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  6. Lovely photos, I’ve never visited Norway but the scenery looks spectacular. I love walking but not hiking, as I prefer a more urban environment. I don’t like to stray too far from facilities!

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  7. That truly is a very unpronounceable name! Tuktuk is a great name. ❤ My my, that must have been quite a trek! That caption for Adi’s photo 😂 But kudos to the two of you for making it all the way to the top. Btw it’s said that trolls are rather nasty. 😉 So it’s great that you didn’t run into any. That’s some beautiful photos. I would have been tempted to reach out and feel that goat’s fur!

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    1. Thank you Shweta. True trolls have an unhealthy reputation. Poor fellows. The ones I met so far have been quite adorable. Possibly exceptions but I will take that.

      Tuktuk was indeed a great boy himself. Just needed his dose of kebabs once in a while 😉 xx

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  8. So he is into hikes now? That’s too funny! We too “pass the baton of grumpiness” daily in our relationships I’m Sure! Perhaps it’s a thing? Anyway, now I digress! I love this post…so human and descriptive. You do have a way with words my lovely. Xxx

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    1. Thank you Sophie! So lovely of you (as usual). Of course, it is a thing. Grumpiness changes hands pretty quickly in most of our relationships.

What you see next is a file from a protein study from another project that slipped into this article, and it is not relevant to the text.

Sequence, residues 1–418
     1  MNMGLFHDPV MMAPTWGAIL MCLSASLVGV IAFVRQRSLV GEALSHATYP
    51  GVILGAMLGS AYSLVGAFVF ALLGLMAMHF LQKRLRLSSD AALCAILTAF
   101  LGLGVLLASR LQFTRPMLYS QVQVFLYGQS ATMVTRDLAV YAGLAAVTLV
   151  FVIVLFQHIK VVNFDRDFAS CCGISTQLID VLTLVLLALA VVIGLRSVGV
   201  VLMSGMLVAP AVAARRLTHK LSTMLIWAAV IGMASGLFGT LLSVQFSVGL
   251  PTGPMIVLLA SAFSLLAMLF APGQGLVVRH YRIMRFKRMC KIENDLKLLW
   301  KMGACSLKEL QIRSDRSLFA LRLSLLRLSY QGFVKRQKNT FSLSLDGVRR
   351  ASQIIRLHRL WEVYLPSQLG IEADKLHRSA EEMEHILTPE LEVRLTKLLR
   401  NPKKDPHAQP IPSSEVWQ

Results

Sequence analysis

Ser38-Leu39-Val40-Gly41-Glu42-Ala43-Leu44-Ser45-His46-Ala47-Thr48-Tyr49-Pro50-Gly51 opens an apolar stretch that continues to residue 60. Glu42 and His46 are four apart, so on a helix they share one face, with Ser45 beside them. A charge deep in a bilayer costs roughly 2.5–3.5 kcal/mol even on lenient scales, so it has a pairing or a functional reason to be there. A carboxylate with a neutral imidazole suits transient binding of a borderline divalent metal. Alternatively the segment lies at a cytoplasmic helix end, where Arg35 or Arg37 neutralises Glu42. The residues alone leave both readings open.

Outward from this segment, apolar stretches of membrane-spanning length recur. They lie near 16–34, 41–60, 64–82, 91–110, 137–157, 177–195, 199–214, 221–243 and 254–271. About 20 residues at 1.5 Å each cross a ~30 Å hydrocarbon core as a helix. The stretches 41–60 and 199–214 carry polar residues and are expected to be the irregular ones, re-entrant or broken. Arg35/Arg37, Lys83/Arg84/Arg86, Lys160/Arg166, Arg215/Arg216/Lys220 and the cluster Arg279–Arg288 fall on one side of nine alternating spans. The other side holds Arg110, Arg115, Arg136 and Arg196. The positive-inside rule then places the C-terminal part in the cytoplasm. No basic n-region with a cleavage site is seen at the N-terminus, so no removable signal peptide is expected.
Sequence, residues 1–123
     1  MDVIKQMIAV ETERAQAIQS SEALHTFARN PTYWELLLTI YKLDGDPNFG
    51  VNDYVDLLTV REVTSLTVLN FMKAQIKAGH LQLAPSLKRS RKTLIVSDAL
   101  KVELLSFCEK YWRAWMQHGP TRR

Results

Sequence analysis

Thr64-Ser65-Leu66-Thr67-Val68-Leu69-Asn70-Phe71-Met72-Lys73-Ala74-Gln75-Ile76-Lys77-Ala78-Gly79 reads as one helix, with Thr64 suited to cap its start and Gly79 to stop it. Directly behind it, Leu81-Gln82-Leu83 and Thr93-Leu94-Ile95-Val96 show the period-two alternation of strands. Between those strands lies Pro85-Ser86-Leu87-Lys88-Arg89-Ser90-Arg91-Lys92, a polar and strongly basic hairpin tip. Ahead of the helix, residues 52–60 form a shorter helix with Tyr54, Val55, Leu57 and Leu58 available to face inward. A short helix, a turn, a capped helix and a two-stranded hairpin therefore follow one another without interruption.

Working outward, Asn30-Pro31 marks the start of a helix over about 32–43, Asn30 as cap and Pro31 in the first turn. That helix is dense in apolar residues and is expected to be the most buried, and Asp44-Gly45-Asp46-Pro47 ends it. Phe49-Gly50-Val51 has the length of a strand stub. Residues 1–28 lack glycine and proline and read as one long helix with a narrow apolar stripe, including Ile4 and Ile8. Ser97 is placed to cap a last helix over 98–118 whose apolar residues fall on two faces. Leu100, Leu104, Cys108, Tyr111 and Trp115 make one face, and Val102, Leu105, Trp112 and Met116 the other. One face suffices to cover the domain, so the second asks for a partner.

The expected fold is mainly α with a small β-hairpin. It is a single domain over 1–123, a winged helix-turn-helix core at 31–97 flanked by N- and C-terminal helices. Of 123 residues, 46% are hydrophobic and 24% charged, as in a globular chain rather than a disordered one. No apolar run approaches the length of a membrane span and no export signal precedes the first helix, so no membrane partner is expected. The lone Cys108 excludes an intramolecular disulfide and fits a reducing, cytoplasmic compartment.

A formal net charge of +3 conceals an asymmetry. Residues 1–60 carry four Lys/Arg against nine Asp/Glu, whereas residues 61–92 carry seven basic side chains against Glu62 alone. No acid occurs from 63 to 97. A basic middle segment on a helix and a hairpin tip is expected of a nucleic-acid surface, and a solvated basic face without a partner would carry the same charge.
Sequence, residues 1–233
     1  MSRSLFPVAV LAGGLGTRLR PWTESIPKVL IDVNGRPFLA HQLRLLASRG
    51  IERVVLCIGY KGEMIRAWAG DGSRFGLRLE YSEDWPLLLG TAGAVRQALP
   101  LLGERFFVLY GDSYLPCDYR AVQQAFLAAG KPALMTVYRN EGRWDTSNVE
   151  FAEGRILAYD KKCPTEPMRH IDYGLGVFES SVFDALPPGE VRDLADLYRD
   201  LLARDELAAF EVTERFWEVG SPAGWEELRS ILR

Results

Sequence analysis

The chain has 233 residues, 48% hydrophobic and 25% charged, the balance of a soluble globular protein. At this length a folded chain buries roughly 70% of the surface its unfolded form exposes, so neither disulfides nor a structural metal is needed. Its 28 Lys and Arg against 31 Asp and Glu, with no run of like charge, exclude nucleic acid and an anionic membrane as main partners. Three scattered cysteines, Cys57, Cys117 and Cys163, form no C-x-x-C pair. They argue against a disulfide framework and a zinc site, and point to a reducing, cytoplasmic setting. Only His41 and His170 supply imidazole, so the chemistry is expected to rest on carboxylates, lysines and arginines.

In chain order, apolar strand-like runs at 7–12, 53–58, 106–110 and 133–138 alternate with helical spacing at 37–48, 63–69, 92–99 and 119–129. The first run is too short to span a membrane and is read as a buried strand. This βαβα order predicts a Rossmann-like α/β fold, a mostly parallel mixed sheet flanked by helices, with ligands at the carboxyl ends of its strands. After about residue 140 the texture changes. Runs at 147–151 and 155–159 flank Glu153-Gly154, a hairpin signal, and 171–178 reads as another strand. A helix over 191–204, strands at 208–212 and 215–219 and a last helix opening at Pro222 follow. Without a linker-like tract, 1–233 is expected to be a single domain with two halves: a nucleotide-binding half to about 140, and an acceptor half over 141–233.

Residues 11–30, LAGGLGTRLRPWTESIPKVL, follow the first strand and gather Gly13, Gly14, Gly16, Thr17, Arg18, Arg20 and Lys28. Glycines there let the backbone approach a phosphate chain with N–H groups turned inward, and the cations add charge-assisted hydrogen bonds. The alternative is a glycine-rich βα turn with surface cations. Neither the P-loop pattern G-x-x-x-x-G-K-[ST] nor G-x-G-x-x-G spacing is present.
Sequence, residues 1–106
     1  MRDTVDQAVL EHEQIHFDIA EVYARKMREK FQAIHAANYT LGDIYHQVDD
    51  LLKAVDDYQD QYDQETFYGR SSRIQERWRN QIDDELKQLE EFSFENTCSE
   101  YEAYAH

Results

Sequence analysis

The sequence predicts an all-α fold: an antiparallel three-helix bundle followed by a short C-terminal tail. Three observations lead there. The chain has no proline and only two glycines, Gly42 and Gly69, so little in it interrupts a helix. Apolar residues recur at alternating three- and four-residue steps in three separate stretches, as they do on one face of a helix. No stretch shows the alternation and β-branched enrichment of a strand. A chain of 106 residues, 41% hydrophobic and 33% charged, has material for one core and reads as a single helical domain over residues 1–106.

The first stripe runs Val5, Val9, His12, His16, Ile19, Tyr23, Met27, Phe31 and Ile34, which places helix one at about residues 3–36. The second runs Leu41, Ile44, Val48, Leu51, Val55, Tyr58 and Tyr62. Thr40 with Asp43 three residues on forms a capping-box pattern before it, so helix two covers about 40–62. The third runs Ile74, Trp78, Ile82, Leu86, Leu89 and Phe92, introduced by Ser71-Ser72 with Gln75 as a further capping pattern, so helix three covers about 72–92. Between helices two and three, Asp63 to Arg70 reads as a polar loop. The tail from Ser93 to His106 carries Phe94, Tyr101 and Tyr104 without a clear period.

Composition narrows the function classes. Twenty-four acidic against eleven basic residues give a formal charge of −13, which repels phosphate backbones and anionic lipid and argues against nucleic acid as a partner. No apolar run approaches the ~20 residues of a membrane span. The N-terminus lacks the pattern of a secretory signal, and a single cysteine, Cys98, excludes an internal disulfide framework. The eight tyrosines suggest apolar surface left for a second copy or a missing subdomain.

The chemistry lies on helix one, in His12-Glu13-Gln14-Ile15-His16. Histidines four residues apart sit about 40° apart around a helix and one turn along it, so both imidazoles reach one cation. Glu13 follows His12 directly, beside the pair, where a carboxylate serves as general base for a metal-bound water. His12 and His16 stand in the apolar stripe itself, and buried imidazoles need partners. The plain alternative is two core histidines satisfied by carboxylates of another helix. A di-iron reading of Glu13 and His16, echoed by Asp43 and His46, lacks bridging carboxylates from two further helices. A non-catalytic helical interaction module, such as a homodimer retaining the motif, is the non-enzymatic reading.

Adi is indeed back into hikes now. I use the word ‘back’ because as a teenager he used to go mountaineering and hiking with his father xx

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  9. What a lovely read. It made me laugh in places 🙂
    Also, am glad I came across your space, really enjoyed reading some of your earlier posts as well. Definitely count me in as a reader!

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  10. Wow! Views are so impressive, it was worth every bit of the walking tour, wasn’t it? I always go walking and your story reminded me of a similar hiking in Lisbon (Palacio da Pena). I went with my sister and I recall having a picture of her like your husband hehe 😉

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    1. You do the same to others, eh? 😀 Hmm I think your sister would agree with Adi. But he does see now why I am obsessed with walking and seeing a place. I have a convert 😉 I remember the hike to the Castle of Moors. Pena is above that. I can just imagine how you would have loved it. It is a gorgeous hike xx

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      1. It’s so much better when walking, as if you “deserved” the view. How was the Castle of Moors? I haven’t been there yet. I’ve been to Sintra several times but I always visit Pena because of its insane beauty.

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  11. hehehehe I know that baton of grimness well. Much more poetic description than the “being bitchy” moniker that I usually earn on our more strenuous hikes 😉

    Great photo of the central colorful church bordered by bleak skies and blanched buildings!